There is no panacea to create national standards for schools, which the Obama administration is hot to do. In fact, the odds are strongly against devising standards that would ensure that children from Los Angeles to Dallas to Boston are ready for a demanding economy.
Teachers unions, for one, are capable of diluting any eventual standards, turning them into the educational equivalent of Jell-O. So when Gov. Rick Perry says he doesn't want Texas locked into a set of national standards, we understand his point.
What we don't get is why Texas wouldn't at least be part of the discussion about creating those standards. Texas has long pursued demanding benchmarks, including during the last Legislature, when Perry did yeoman's work in pushing for higher goals.
Why take a back seat in this national discussion, as the governor advocates? Why not get into the mix and help generate the kind of standards that get American schoolchildren ready for a highly skilled world? If Texas officials ultimately aren't satisfied with the final product, that's when they should back out.
We bring this up because the state has until Jan. 19 to file its proposal for funds the Obama administration has set aside to reward states for improving schools. The administration will hand out $4.35 billion in Race to the Top funds to states based on a few categories, including whether they participate in creating national standards.
Perry wants Texas to ignore that part of the application. Instead, he'd rather focus our state's pitch on other benchmarks Education Secretary Arne Duncan is considering, such as whether states have effective teachers.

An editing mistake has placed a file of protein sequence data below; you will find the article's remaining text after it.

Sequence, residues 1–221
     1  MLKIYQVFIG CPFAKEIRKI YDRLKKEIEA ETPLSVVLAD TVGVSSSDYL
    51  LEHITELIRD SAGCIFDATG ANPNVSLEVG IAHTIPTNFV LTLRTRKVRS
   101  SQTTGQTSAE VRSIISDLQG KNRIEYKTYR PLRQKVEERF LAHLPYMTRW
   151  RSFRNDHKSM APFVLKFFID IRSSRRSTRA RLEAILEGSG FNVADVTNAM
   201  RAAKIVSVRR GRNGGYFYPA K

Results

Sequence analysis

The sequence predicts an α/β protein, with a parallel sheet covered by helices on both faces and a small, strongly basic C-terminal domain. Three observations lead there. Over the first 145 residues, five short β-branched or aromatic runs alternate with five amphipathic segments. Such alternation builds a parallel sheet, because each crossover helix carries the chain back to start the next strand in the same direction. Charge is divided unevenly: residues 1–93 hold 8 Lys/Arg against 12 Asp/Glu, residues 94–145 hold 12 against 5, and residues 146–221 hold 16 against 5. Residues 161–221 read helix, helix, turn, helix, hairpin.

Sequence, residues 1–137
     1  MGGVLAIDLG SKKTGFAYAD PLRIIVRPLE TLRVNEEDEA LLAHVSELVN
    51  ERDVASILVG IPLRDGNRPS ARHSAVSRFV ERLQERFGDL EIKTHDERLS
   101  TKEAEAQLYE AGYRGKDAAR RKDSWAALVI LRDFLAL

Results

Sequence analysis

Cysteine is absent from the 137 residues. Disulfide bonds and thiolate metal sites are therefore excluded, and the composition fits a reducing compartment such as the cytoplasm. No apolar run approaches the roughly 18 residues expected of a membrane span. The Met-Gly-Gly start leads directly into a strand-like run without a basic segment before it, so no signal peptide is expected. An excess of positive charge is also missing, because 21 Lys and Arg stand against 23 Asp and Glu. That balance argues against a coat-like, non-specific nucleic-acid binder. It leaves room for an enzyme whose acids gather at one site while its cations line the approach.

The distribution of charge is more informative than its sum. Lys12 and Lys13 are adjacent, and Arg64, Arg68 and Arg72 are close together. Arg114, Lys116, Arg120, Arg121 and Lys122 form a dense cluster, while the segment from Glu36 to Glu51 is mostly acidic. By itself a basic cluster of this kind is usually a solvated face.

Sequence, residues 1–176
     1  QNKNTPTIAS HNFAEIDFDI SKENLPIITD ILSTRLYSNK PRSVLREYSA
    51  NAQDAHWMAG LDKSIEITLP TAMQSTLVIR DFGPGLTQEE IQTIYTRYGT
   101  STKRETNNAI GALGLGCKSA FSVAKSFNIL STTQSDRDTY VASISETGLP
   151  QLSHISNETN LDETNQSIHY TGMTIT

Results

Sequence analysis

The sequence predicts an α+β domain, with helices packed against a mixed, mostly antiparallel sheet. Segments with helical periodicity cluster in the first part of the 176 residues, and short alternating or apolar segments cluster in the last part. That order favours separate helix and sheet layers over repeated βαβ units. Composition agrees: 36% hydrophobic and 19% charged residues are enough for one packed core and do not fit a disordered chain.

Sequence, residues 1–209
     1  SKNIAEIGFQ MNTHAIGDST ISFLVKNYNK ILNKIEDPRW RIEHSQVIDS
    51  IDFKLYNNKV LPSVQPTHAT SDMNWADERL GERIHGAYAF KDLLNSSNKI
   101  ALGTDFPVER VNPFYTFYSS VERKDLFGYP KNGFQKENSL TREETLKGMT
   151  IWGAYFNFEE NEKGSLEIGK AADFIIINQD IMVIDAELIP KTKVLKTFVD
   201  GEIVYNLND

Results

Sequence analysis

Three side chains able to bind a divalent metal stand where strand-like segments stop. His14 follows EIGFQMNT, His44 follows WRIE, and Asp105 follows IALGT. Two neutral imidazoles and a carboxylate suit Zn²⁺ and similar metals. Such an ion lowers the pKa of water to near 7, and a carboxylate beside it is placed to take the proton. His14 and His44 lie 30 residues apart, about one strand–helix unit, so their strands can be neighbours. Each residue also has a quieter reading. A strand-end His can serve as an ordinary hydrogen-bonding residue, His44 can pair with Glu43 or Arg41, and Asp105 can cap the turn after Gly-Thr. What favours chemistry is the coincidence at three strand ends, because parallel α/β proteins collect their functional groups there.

The problem is that ignoring the national standards segment could cost us. As The Dallas Morning News recently reported, "Texas' decision to forgo national standards deprives the state of at least 40 of the possible 500 points in the application process for the federal money."
This would be like running a marathon wearing ankle weights. Why put ourselves at such a disadvantage? The logical outcome is that Texas loses its possible share to other states. We fail to see the wisdom in that.
We know Perry feels strongly about this. His education commissioner, Robert Scott, warns, "This effort can be seen as a step toward a federal takeover of the nation's public schools."
No one should want that. If national standards were established, we would hope they came with a clear understanding that local districts remain the driving force in public education. The thing is, Texas forfeits any ability to make that point if it simply stays out of the conversation.
Clearly, Texas could protect its interests by participating. Given its history in crafting its own standards, it also could be a driving force for making them as demanding as possible.
And none of that happens if the state sits on the sideline, which is why Perry should rethink his opposition. He's running for re-election based, at least in part, on what's wrong with Washington's leadership. This is one time that being pragmatic would allow Texas to lead Washington.
—The Dallas Morning News